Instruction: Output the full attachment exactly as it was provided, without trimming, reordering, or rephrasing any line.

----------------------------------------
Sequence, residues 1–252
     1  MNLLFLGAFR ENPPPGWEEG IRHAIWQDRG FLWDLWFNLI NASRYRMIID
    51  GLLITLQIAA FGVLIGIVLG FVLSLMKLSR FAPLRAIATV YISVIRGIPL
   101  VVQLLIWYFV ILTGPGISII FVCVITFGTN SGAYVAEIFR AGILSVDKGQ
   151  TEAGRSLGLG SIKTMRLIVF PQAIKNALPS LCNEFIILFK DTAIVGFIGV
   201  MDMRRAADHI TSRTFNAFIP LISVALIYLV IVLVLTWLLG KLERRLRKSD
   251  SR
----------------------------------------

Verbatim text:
Sequence, residues 1–252
     1  MNLLFLGAFR ENPPPGWEEG IRHAIWQDRG FLWDLWFNLI NASRYRMIID
    51  GLLITLQIAA FGVLIGIVLG FVLSLMKLSR FAPLRAIATV YISVIRGIPL
   101  VVQLLIWYFV ILTGPGISII FVCVITFGTN SGAYVAEIFR AGILSVDKGQ
   151  TEAGRSLGLG SIKTMRLIVF PQAIKNALPS LCNEFIILFK DTAIVGFIGV
   201  MDMRRAADHI TSRTFNAFIP LISVALIYLV IVLVLTWLLG KLERRLRKSD
   251  SR